You may be wondering how to file a Chapter 13 bankruptcy for free. Chapter 13 bankruptcy cases help many individuals manage debt problems effectively and efficiently. With the help of the bankruptcy court, an individual can stop debt collection actions by filing Chapter 13, including foreclosures, repossessions, debt-collection lawsuits, and wage garnishments. The person can restructure their debts into an affordable plan. At the end of the Chapter 13 repayment plan, most people are debt-free, except for their mortgage, if they have a home loan.
However, many people worry about the cost of filing Chapter 13. They worry that they cannot pay a bankruptcy lawyer to prepare and file a Chapter 13 case. The good news is that you are not required to hire a bankruptcy attorney to file Chapter 13, but that does not mean you should not consider hiring a bankruptcy attorney to help you navigate the Chapter 13 process.
How Can You File Chapter 13 for Free?
The Bankruptcy Code permits individuals to file Chapter 13 without an attorney. However, you will still need to pay the filing fee for a Chapter 13 bankruptcy case, which is currently $310. You must also pay for the bankruptcy courses, which are require as part of the bankruptcy filing.
The fee for the Credit Counseling Course and the Debtor Education Course ranges from $10 to $50. The courses are available online, in person, and by telephone. There are numerous companies approved by the United States Trustee’s Office to offer the classes. Just make sure that you choose a company from the list that is approved to offer classes in your state.
You can download copies of the official bankruptcy forms online. However, many bankruptcy districts have local forms that they require debtors (individuals seeking bankruptcy relief) must use if filing a case in that jurisdiction. Chapter 13 plans are common local forms that are unique to a bankruptcy district.
Other costs that you incur when filing Chapter 13 without an attorney are travel costs and postage. You must either file your bankruptcy forms in person at the bankruptcy court, which could be several hours from your home, depending on where you live, or you must mail the forms. An average Chapter 13 bankruptcy case includes between 30 to 60 pages of forms.
Also, you must mail a copy of your proposed Chapter 13 bankruptcy plan to each creditor and party in interest listed on your bankruptcy forms. In some cases, that could be over 100 parties. There will also be other forms that you are required to mail to all parties throughout your Chapter 13 case. Many bankruptcy attorneys include postage and copies as part of their Chapter 13 attorneys’ fees.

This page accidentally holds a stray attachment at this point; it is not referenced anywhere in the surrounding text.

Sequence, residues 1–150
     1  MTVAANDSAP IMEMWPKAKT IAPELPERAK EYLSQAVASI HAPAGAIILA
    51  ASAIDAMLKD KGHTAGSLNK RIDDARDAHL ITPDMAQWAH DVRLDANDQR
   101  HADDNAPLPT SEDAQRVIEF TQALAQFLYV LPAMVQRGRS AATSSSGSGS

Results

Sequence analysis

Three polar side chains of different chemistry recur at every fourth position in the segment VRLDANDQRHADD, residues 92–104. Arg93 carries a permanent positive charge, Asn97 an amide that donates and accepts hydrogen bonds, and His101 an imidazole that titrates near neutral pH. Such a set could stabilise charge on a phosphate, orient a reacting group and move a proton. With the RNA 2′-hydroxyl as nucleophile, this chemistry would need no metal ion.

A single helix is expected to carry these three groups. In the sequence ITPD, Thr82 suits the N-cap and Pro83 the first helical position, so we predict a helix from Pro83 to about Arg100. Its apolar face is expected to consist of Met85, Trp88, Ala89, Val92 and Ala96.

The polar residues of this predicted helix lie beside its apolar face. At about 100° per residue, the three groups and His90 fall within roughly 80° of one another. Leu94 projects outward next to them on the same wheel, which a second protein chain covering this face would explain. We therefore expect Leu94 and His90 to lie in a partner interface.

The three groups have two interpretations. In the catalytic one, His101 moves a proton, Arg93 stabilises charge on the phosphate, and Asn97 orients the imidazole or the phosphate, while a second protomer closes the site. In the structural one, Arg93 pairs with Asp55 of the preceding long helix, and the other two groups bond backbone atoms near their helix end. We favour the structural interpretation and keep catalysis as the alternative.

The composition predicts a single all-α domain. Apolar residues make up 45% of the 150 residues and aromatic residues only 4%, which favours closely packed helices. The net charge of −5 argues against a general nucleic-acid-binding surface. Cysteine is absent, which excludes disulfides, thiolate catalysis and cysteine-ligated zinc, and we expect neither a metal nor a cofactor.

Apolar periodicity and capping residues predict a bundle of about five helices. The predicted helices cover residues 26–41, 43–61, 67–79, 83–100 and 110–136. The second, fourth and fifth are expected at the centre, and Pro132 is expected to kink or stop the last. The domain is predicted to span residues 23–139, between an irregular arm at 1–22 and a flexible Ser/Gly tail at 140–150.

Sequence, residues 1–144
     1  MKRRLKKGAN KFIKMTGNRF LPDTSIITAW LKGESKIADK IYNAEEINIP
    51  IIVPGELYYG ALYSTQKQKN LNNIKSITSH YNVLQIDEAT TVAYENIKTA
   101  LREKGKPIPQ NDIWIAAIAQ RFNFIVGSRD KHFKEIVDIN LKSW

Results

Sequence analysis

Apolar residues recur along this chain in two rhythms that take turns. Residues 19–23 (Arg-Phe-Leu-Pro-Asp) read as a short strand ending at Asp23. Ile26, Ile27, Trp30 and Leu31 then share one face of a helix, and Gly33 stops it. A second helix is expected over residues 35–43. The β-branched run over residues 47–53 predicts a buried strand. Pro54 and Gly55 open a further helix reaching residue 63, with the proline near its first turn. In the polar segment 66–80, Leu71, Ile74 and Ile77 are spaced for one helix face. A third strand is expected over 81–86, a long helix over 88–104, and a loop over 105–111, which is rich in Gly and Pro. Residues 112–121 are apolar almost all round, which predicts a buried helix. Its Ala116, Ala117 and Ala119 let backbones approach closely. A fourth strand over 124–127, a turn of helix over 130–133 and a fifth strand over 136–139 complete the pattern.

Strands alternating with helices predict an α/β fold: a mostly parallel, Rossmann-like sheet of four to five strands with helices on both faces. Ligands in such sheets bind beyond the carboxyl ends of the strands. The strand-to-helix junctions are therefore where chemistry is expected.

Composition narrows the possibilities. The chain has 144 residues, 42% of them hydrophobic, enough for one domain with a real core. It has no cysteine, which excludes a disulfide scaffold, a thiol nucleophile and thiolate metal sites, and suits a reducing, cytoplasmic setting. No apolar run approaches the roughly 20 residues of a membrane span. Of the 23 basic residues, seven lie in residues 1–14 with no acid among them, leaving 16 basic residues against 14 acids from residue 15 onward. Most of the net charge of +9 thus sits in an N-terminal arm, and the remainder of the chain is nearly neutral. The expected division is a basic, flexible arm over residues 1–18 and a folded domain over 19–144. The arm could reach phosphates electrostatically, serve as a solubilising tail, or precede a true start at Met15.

Things to Consider About Filing Chapter 13 Without an Attorney:
Even though you can file a Chapter 13 case for free, except for filing fees and costs, you may want to consider several important things before filing Chapter 13 without an attorney.
- Do you understand bankruptcy laws regarding different types of debts and how those debts need to be handled in a Chapter 13 plan?
- Can you research and choose which bankruptcy exemptions to use for your case? Some states have state-specific bankruptcy exemptions while other states allow debtors to use federal bankruptcy exemptions. Bankruptcy exemptions protect the equity in property from being used to repay creditors.
- Do you understand what bankruptcy forms to use and also how to complete those bankruptcy forms?
- Are you aware of the requirements for discharging (forgiving) debts in bankruptcy?
- Do you understand how to calculate the Means Test? The calculations on the Means Test can significantly impact how much you must pay to the Chapter 13 trustee.
- Are you comfortable with researching various bankruptcy laws and as well as applying those laws correctly in your case?
- Do you know how to calculate a Chapter 13 plan according to the requirements of the Bankruptcy Code?
- Are you comfortable arguing motions using case law and bankruptcy laws before a bankruptcy judge?
A bankruptcy lawyer provides legal advice, guidance, and support through each aspect of a Chapter 13 case. Chapter 13 cases can be complex. Creditors may object to your proposed plan, or the Chapter 13 trustee may object to the plan. You must respond to those objections and file amendments to the plan.
If you choose the wrong bankruptcy exemptions, you could have a much higher bankruptcy payment than necessary. In other words, there are many ways in which a bankruptcy attorney can protect your interests. The attorney fee you pay may be worth it to know that your Chapter 13 case is handled correctly.
Alternatives to Chapter 13 Bankruptcy
In some cases, a Chapter 13 bankruptcy case may not be the best way to get out of debt. Debt settlement or debt management may be a better way for you to get rid of debts. Through a detailed debt management problem, you may be able to repay your creditors without filing bankruptcy. Ascend has several resources that can help you decide if Chapter 13 is right for you.
You may want to begin by using our free Chapter 13 calculator to estimate what your repayment plan would be in a Chapter 13 case. You can explore Chapter 13 in more detail in our blogs and articles about Chapter 13. Our Debt Settlement Guide provides detailed information regarding settling your debts with individual creditors. You may also want to compare debt management and debt settlement to see which option works best in your financial situation.
If you find that debt management is right for you, we suggest you try our Savvy Debt Payoff app. It is an efficient tool for managing finances and paying off debts. If you have questions or want to talk to someone, contact Ascend. You can call/text us at 833-272-3631 for additional information about our services.